At first instance, the District Court for the Eastern District of New York held that the Chinese Government’s submission was not conclusive and denied the Chinese producers’ application to dismiss the proceedings. On appeal, the Court of Appeals for the Second Circuit (the Appeals Court) reversed that decision, holding that it was “bound to defer” to reasonable interpretative statements made in court by a foreign government regarding the construction and effect of the foreign government’s own laws and regulations. The Supreme Court was therefore called upon to determine whether such statements could be considered conclusive when a federal court was required to determine foreign law in accordance with Rule 44.1.READ MORE

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Dutch Supreme Court Dismisses Request for Clarification on Applicable Law in Air-Cargo Competition Damage Claims

On 16 March 2018, the Dutch Supreme Court handed down its decision in a case referred to it by the Amsterdam District Court concerning the law to be applied in the mass damage claims brought against airline carriers accused of having operated a cartel in the air-cargo sector (click here for our previous report of this case).READ MORE

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Data Protection & International Litigation: Upcoming Developments in U.S. and EU Laws

As you would certainly have noted, data protection is on the rise and has become a daily source of concern for individuals as well as companies and businesses (suffice it to recall that, on 25 May 2018, the EU Global Data Protection Regulation (i.e. European Union’s major updated legislation on privacy and data protection) will enter into force. Meanwhile Uber and Equifax have just suffered major data breaches).

As demonstrated by the two cases below, international litigation is not immune from the flurry of excitement over privacy and data protection.

Maximilian Schrems v. Facebook Ireland Limited

The first case concerns a dispute pending before the Court of Justice of the European Union (the CJEU) between Maximilian Schrems and Facebook Ireland Limited (Facebook or Facebook Ireland).

Maximilian Schrems is a well-known Austrian activist in the field of technology and electronic privacy. Previously, Mr. Schrems had successfully challenged the transfer of data from the EU to the U.S. through the Safe Harbour regime.

In the present case, Mr. Schrems (who maintained two presences on Facebook: (i) an “account“, which was for personal use, and (ii) a public “page” used for promoting his books, lectures, media appearances and fundraising activities) sued Facebook Ireland, the European subsidiary of Facebook Inc., for alleged violations of his data protection rights, as well as those of seven other Facebook users.READ MORE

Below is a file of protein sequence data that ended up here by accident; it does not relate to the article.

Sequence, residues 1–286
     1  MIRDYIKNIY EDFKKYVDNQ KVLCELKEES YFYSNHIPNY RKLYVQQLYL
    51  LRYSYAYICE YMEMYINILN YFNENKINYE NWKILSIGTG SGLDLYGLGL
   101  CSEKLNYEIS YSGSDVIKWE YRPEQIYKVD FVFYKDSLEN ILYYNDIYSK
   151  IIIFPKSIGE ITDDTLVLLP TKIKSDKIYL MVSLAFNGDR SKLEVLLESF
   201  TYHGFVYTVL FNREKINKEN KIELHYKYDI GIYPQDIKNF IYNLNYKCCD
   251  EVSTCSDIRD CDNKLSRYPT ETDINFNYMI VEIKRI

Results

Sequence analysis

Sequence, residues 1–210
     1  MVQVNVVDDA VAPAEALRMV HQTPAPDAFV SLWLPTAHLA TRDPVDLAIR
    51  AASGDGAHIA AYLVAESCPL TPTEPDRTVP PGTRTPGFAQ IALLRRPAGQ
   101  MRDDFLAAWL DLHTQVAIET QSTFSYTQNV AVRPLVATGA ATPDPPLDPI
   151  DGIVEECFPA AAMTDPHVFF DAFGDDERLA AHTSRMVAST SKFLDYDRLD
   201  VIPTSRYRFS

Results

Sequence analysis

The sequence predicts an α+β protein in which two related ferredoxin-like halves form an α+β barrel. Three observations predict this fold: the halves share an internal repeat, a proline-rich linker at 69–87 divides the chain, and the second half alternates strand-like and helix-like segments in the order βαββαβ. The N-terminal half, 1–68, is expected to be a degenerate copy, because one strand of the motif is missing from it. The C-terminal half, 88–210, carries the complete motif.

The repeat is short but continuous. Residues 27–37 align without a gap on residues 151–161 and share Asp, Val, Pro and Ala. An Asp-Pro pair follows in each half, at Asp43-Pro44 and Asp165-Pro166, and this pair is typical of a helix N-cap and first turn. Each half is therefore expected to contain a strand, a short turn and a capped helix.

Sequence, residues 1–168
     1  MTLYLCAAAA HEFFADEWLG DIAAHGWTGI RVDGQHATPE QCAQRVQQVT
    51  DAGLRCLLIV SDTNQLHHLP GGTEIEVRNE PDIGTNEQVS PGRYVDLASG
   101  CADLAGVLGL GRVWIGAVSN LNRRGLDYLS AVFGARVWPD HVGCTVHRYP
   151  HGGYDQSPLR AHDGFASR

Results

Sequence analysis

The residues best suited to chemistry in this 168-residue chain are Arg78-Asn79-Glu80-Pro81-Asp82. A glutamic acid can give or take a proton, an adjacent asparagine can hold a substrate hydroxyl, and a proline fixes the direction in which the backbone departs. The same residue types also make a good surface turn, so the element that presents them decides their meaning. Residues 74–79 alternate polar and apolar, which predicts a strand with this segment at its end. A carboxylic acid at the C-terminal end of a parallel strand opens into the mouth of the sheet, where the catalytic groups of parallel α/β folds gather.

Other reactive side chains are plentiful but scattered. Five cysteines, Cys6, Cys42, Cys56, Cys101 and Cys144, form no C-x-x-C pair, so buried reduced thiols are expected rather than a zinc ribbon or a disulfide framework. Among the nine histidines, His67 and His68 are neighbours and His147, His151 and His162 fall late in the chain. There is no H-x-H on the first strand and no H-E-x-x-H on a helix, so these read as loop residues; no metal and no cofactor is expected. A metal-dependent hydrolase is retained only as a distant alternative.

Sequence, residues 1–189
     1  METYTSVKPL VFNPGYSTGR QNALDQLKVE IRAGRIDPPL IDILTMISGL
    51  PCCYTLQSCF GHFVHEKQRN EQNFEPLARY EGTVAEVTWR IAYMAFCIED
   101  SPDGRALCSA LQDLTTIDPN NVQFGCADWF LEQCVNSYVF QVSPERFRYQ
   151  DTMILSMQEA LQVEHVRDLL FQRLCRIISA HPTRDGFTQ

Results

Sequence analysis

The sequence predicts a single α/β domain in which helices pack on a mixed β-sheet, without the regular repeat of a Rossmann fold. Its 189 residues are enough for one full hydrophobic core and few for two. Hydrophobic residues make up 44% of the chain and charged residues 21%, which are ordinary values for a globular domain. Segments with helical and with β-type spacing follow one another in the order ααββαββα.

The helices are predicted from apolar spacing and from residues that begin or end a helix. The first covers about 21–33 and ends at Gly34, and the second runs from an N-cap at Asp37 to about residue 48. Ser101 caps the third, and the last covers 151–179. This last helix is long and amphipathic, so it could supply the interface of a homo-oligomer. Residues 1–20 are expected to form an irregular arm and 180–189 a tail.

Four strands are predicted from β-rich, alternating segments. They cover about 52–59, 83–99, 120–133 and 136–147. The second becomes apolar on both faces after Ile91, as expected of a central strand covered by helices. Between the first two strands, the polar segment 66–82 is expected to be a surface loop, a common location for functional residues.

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Case to Watch: Dutch Supreme Court Expected to Rule on Applicable Law in Air-Cargo Competition Damage Claims

On 2 August 2017, the Amsterdam District Court handed down a ruling in which it announced its intention to refer to the Dutch Supreme Court the issue of which laws apply in mass damage claims brought against airlines carriers accused of having operated a cartel in the air-cargo sector.

In 2010*, the European Commission adopted a decision in which eleven air carriers (including British Airways, Air France/KLM, Air Canada and Lufthansa) were fined a total of almost EUR 800 million for fixing prices for fuel and security surcharges on airfreight services.

In the aftermath of this decision, many allegedly injured customers brought follow-on damage claims in multiple jurisdictions against the air-carriers, seeking compensation for their losses. The case at hand is one of those follow-on damage claims and was initiated before the Dutch courts by Stichting Cartel Competition, a litigation vehicle consolidating the claims and representing the interests of 266 freight customers.

Among the many complex issues which arise in the context of this dispute, the question of which law actually applies to such follow-on damage claims is particularly interesting.READ MORE